Tom and Sharon have two daughters, as do I.  I’ve included a photo of the four girls peeking over a barrier at my parent’s house in Los Gatos as one of us played Santa.  My mother made the costume, which we still have.
Daughters Kimi, Shannon, Juliane, Keri waiting for Santa

            I always enjoyed playing the role of Santa and I remember the excitement when I began the charade.  Fear of my cotton eyebrows falling off and trying to see through the antique glasses that belonged to my grandfather were challenges.  The kids would leave cookies and milk out for Santa, so I had to try to eat and drink through my phony beard.  If you’ve never tasted cotton mixed with chocolate chip cookies and milk, you don’t know what you’ve missed.

  
My brother Tom getting help from our mother
         
                                                                
A younger me getting ready
 Then came the grandkids.  By this time I was pretty good at playing Santa and I actually resemble him with my beard and “jolly old elf” ways, but it was shocking to discover that I didn’t need a pillow to pad the suit anymore. 

      So far that tradition of enacting Santa’s visit has spanned three generations, just as it was started by my dad back in the ‘40s.  He was the best.  I did the Santa thing for Gayle’s grandkids, as well as mine, and the grandchildren of my old buddy Dwight Klassen.  I only have one little granddaughter left to entertain. 

Johnny, grandson Gabriel, daughter Juliane spying from our balcony
            Whether anyone picks up the ball to carry on the old Santa ruse is a question, but if not, this mini-drama entertained three generations of kids.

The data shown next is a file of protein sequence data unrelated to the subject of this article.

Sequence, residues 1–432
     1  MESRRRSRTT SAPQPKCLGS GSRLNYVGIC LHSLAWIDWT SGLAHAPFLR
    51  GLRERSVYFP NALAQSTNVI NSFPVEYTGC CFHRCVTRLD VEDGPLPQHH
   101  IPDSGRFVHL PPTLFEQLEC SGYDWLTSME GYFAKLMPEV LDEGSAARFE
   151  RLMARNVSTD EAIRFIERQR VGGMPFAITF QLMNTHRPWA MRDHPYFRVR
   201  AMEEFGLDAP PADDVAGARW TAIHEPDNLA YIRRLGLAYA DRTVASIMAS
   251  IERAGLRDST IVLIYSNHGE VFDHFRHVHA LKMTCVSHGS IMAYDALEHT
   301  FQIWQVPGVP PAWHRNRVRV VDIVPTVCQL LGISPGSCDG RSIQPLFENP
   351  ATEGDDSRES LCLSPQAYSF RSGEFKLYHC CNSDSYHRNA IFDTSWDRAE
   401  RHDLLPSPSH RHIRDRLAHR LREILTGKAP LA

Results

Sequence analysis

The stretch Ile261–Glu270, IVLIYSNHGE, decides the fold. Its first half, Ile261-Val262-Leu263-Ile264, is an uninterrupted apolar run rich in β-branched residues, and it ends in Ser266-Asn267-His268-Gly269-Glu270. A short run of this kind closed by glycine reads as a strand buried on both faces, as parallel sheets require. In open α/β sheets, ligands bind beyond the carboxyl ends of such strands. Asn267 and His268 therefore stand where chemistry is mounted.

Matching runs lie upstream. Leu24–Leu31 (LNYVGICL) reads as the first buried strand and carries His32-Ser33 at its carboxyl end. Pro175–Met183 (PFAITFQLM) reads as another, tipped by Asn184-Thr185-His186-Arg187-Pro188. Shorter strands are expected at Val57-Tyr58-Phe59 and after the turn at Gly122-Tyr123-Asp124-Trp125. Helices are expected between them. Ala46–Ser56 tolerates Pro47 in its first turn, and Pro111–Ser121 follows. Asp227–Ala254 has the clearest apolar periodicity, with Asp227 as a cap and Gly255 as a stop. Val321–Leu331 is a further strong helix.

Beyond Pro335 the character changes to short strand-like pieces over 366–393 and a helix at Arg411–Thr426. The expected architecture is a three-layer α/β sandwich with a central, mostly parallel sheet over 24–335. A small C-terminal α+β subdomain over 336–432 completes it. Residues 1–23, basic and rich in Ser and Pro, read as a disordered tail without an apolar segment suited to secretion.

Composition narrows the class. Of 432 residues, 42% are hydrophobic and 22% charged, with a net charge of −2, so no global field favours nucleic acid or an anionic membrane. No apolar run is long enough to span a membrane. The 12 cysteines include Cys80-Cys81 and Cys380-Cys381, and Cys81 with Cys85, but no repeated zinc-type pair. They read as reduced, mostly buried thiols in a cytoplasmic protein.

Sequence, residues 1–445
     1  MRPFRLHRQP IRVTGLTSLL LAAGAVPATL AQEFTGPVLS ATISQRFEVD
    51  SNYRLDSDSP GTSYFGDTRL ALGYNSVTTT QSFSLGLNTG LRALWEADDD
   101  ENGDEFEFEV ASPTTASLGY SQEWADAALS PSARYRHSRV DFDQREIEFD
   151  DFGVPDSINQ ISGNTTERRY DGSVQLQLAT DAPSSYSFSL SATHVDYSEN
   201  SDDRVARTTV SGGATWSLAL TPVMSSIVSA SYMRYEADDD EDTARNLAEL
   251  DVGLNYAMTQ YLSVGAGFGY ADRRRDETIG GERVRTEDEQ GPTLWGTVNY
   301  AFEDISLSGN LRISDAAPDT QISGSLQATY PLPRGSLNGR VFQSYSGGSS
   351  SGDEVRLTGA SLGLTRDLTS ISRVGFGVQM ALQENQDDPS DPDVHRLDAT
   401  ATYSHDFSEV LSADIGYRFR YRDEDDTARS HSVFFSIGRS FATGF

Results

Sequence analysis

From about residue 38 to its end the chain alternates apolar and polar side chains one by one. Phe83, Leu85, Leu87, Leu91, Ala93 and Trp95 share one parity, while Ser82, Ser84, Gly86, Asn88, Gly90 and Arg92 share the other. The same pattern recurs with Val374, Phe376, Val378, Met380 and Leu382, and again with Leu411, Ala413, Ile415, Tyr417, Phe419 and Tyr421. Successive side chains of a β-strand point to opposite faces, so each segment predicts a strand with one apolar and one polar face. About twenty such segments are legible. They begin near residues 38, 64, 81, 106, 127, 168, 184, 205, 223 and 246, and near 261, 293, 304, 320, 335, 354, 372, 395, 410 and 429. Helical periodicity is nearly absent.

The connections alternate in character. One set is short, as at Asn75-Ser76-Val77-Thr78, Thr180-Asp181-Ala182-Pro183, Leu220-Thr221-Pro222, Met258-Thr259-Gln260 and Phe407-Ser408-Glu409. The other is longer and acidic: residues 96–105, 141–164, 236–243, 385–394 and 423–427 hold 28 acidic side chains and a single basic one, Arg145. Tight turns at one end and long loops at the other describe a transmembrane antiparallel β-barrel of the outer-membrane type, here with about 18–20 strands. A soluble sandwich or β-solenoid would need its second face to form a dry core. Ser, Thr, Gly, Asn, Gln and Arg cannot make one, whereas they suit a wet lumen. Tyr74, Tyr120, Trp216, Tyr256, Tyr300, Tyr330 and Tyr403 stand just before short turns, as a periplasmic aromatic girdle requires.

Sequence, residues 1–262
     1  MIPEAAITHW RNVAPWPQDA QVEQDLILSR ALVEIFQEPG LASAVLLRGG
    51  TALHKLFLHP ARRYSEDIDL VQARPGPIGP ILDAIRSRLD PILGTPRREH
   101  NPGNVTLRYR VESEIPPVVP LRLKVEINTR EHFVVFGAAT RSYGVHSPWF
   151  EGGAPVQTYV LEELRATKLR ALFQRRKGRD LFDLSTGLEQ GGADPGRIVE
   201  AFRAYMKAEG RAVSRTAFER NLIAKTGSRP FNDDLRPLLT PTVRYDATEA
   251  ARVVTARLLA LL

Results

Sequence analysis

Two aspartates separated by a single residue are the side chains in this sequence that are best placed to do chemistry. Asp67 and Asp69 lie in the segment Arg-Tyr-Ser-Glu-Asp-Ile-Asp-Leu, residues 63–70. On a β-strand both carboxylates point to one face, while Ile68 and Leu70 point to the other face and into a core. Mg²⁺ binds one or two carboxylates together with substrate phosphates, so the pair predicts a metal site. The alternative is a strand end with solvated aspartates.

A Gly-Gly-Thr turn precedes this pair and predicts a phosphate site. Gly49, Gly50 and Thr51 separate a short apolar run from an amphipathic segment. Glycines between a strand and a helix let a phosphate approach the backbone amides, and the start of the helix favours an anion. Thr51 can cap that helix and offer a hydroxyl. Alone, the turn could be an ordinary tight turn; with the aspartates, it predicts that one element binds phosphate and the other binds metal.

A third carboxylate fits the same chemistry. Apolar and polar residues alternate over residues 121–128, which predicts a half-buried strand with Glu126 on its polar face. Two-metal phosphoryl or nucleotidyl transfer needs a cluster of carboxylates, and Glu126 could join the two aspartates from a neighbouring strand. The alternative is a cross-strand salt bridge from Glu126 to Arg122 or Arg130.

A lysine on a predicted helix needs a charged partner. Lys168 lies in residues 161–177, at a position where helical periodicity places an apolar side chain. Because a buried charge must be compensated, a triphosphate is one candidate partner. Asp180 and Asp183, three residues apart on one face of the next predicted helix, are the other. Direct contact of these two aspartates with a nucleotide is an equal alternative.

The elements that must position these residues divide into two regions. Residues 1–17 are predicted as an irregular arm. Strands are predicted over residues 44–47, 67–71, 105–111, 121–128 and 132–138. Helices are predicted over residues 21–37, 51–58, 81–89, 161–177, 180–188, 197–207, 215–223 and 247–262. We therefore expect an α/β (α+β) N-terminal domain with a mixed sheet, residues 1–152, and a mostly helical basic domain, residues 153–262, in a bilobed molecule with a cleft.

I know the kids enjoyed it, but not as much as my dad, my brother, and I enjoyed being Santa and seeing their reactions.  But I could have done without trying to eat a cookie through a milk-soaked cotton beard.



 Standing for inspection by Gayle


  













6 comments:

  1. You make a great Santa Ralph. This is a very nice Christmas story and what good guy's you and Tom were to the children. I wish you and Gayle a very Merry Christmas and a happy new year. Your ole pal Jim

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  2. Thanks, Jim. When the kids were young, Tom and I had two large parcels in Scotts Valley right next to each other. All four of our girls had a horse and five or six acres to run on, not to mention the adjacent mountains, etc. All the neighborhood kids had horses too, so there were times when you'd see all the kids in the neighborhood racing around our property on horses. Those were good times.

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  3. What a GREAT Santa you make... wait a minute... maybe TOO good... the nose, the beard, the jolly cheeks, the glint in the eyes... I KNEW Santa was real!!! You sly guy, hiding this from us the other 364 days of the year!!

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    1. And here I thought I had done a good job hiding up here in the forest. Mrs. Claus will make a Christmas fruitcake for you if you keep this discovery to yourself. Better yet, we can barbeque an elf for you if you don't tell anyone.

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  4. Ralph ---I hope you and Gayle can keep that special "CHRISTMAS" spirit for all of your kids and grandkids-----

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    1. It's their turn now, Allan, but whether or not they continue the Santa thing, they do carry that special "Christmas" spirit. It's good to hear from you, Allan.